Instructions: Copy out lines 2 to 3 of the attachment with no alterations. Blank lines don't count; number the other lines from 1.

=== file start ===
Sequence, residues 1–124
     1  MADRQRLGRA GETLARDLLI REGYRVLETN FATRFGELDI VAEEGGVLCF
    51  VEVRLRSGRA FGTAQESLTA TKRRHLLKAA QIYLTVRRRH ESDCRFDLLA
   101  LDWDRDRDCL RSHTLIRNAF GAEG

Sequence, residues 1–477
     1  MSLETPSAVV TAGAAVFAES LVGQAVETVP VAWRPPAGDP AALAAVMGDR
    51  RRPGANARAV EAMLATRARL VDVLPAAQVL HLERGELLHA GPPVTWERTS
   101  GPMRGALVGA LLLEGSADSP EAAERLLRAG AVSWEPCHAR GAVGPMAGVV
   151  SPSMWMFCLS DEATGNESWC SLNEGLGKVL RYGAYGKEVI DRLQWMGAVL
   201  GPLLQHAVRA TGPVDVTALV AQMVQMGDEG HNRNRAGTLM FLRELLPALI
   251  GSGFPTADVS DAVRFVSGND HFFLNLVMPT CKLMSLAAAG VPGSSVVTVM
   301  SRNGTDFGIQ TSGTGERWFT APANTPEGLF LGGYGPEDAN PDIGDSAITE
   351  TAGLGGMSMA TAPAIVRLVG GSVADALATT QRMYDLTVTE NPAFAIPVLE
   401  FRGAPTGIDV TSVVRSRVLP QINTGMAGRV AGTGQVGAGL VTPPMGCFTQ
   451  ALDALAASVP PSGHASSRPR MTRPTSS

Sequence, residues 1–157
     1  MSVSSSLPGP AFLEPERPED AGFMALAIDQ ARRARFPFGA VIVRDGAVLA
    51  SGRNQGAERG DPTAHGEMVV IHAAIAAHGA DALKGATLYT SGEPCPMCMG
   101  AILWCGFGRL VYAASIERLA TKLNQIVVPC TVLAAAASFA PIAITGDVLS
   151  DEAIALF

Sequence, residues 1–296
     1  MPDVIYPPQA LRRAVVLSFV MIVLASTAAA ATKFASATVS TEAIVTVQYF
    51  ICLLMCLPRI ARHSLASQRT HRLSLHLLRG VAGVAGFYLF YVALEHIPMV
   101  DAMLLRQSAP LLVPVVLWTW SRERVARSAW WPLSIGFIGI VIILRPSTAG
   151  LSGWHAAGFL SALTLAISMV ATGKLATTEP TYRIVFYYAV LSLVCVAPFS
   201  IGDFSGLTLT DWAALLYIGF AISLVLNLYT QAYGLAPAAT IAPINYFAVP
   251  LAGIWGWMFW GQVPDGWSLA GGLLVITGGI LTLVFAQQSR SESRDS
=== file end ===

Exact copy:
     1  MADRQRLGRA GETLARDLLI REGYRVLETN FATRFGELDI VAEEGGVLCF
    51  VEVRLRSGRA FGTAQESLTA TKRRHLLKAA QIYLTVRRRH ESDCRFDLLA